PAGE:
Marine ingredients play a vital role within the global food supply chain, with the majority coming from forage fish, that have a very limited direct food market, and by-products, trimmings from processed fish. Forage fish, such as Peruvian Anchovy, tend to be fragile fish that deteriorate quickly and therefore have limited storage and transport options for the food market. They tend to have a distinct strong flavour making them relatively unpalatable in comparison to other local fish and are therefore consumed in comparatively small quantities. Once processed into fishmeal and fish oil, they can be used strategically in aquatic diets to produce many more times the volume of more widely accepted and consumed fish and other animal protein in a very efficient way. The volume of production of fishmeal and fish oil from Peruvian anchovy is equivalent to the requirement of 50% of the world’s fed farmed fish production, thereby having a significant positive impact on global food security.
However, with a finite supply of forage fish, the increasing use of by-products is providing an essential additional raw material source that through the production of fishmeal and fish oil supports the increased volume of feed required for the fast growing aquaculture industry. By-products are the trimmings of fish from processing for direct human consumption, for example heads, frames, skin and tails. This material may constitute up to 70% of fish and shellfish after processing (fish fillet yield is species-dependent and is often in the range of 30 -50% of the fish). The main source of the by-product is from finfish such as white fish trimmings (pollock, cod, hake, haddock and others) as well as salmon (wild and from aquaculture), tuna, herring, mackerel and can come from wild caught fish or aquaculture processing.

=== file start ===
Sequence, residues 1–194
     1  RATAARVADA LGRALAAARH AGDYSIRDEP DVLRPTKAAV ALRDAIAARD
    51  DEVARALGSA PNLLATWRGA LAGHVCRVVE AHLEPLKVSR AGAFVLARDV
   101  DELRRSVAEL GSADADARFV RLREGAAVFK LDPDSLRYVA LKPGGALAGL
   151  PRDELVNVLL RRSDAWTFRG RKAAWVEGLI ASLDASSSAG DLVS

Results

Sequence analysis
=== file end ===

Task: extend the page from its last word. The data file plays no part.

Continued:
This is a valuable raw material which would otherwise be unused, incurring both economic and environmental costs for disposal. As a raw material source, this material is still underutilised and it is calculated that currently around 33% of global fishmeal production and 26% of global fish oil production comes from by-product. It is estimated that globally there are an additional 11.7 million tonnes of by-product produced in processing plants that are not collected for the production of marine ingredients, although there are practical issues around the collection of some of this material. Fishmeal production is in fact expected to grow over the next 10 years as a result of increased by-product availability, especially from aquaculture, whereas fish oil production is estimated to increase by only around 5-10% over the same period. Developing and optimising the collection and processing of this valuable source of raw material should be encouraged as much as possible.
Source: Jackson and Newton, 2016